And then one day when I woke up, there was a new boat in the spot right next to us. I remember walking down from the showers later that morning and being called over by mum who was sitting in Delos´s cockpit chatting in Swedish with Märta and Karin. Brian and Brady were downstairs still sound asleep from last night´s adventures, celebrating their arrival around the Cape of Good Hope. As things usually go when cruisers meet up, they all came over later that night for some sundowners on Mahi, and that´s when I first met Brady.  We all had a great time, and ended the night with some good old Star Wars watching onboard Delos. A few days later, me and Brady decided to go out for a night to see the local comedy club. Granted, we didn´t actually end up seeing very much of that, so I can´t tell you a lot about the show itself. What I can tell you though is that we had an amazing time, and that after that night I ended up spending most of my remaining time in Cape Town onboard Delos.

The following weeks it felt like someone had just turned the color back on in my life after having spent the past year focusing on school and upcoming exams. Getting to have my parents and my brother all close by, spending time with Brady and discovering the beautiful city of Cape Town was exactly what I needed at the time.

That month in Cape Town flew by in an instant. Even when Brady and I first started hanging out, we already knew I would be leaving within the month. But the closer to that day we actually came, the more absurd it seemed to me that I would never get to see neither Brady nor the rest of the amazing Delos crew again. Sitting at the airport in Cape Town, I realized just how happy I´d been over the past month, and how little sense it would make to let this be the end of it. So after flying back home and having Brady come out to visit me in Sweden, I got straight into sorting things out to be able to fly out and sail with Delos this summer.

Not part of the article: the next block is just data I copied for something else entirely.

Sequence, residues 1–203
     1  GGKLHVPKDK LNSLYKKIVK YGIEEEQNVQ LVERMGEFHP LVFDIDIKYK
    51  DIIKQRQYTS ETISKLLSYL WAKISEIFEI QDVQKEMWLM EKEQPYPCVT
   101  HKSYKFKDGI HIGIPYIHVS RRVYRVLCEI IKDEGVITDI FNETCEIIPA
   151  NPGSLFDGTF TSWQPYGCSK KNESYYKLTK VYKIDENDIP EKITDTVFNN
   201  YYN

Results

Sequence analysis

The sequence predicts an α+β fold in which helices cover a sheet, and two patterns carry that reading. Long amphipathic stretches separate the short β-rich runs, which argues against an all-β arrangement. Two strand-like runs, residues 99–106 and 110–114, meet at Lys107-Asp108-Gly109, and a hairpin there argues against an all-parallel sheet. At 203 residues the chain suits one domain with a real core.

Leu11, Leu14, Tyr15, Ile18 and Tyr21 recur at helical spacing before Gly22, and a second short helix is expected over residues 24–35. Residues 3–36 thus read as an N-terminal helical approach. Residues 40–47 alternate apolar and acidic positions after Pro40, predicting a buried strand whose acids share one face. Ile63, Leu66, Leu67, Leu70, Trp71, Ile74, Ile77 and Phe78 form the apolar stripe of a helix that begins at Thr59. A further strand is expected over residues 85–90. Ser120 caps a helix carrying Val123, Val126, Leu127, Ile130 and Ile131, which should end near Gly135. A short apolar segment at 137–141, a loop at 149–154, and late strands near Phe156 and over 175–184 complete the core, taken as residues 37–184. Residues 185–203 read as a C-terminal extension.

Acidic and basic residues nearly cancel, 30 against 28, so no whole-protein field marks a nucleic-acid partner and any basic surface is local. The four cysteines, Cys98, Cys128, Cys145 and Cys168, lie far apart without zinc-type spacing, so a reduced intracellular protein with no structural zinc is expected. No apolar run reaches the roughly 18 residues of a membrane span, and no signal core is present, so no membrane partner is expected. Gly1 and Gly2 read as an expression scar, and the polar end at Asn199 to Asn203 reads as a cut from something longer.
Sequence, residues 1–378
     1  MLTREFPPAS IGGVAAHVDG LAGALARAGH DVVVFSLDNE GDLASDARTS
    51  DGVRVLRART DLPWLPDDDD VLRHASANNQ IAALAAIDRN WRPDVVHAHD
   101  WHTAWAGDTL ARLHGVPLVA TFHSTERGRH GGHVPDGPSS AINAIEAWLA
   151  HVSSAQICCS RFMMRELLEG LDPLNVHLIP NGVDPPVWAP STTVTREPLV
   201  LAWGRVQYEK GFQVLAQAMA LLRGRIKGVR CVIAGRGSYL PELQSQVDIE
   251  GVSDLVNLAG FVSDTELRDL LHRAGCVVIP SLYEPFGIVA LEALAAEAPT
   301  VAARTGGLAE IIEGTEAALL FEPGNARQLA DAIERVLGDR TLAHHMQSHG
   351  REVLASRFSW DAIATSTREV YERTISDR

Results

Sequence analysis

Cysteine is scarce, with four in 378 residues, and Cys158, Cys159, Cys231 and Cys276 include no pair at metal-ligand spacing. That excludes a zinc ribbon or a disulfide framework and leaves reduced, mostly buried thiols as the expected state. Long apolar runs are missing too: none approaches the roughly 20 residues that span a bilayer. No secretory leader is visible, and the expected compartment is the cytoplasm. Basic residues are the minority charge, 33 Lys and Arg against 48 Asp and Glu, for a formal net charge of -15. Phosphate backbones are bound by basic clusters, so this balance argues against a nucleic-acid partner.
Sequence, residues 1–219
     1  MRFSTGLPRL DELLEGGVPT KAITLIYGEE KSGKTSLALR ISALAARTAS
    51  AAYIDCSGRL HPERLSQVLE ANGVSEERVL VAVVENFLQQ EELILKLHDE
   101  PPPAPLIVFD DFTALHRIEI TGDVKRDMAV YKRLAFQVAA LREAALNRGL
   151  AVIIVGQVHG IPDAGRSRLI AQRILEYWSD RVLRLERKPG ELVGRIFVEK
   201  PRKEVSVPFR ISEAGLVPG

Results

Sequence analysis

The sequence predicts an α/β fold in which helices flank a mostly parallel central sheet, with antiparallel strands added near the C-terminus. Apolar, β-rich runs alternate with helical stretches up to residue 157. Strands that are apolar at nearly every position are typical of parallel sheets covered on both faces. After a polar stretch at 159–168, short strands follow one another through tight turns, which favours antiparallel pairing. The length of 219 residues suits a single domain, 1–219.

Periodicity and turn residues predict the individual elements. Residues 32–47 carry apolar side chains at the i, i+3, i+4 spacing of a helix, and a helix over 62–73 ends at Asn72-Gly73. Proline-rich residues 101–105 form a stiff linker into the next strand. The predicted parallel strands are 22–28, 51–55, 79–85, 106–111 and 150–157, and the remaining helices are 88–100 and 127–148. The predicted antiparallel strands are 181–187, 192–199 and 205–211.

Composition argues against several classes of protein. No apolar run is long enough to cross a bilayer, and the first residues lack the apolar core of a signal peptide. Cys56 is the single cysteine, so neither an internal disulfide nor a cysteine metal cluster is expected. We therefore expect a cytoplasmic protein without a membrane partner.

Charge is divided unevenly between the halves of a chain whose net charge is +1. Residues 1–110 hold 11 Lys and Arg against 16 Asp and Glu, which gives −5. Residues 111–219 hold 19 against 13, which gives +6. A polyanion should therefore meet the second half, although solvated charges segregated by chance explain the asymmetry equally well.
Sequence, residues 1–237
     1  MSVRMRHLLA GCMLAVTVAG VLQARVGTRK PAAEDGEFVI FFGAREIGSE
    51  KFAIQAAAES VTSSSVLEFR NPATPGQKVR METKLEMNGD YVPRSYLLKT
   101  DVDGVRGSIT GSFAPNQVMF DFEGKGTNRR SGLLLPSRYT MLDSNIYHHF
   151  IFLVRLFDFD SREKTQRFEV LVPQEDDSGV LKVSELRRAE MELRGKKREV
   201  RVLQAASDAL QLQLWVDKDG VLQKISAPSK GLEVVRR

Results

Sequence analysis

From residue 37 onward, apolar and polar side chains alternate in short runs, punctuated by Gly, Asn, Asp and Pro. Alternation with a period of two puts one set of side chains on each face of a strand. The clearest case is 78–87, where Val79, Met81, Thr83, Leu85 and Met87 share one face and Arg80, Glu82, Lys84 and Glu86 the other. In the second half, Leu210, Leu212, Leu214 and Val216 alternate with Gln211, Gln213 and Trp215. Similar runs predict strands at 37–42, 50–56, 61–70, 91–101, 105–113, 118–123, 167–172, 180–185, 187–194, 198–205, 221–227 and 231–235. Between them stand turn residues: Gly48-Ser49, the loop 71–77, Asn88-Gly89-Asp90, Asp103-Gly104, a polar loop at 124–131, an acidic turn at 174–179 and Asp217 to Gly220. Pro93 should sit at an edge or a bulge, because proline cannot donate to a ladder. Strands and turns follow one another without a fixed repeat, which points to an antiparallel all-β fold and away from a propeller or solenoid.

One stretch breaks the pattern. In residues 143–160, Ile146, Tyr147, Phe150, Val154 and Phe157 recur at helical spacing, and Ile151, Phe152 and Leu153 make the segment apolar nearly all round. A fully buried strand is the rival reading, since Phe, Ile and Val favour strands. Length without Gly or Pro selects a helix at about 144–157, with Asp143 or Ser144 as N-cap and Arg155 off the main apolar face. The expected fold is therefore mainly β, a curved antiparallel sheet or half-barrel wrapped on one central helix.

And now here I am back on Delos typing this blog somewhere in the Indian Ocean.  I have been aboard for about two months now, and it still feels a bit unreal. I am so grateful that my parents were crazy enough to take their kids sailing at such a young age.  Looking back, it really ingrained something into my soul that keeps feeding my urge to go sailing and traveling. I have had so many great experiences and memories from the past few months on Delos but the time is flying by and I have been offered an amazing opportunity to come work on board the tall ship Gunilla. I will be heading back to that floating college that I called home a few years ago but this time instead of being a student I will be one of the teachers and crew.  I’ll be part of the crew sailing her from Sweden to Portugal over the next few months, and after that I´ll see where life will take me ?

Cheers Delos tribe, and so nice to meet you!

For more sailing adventures check out svdelos.com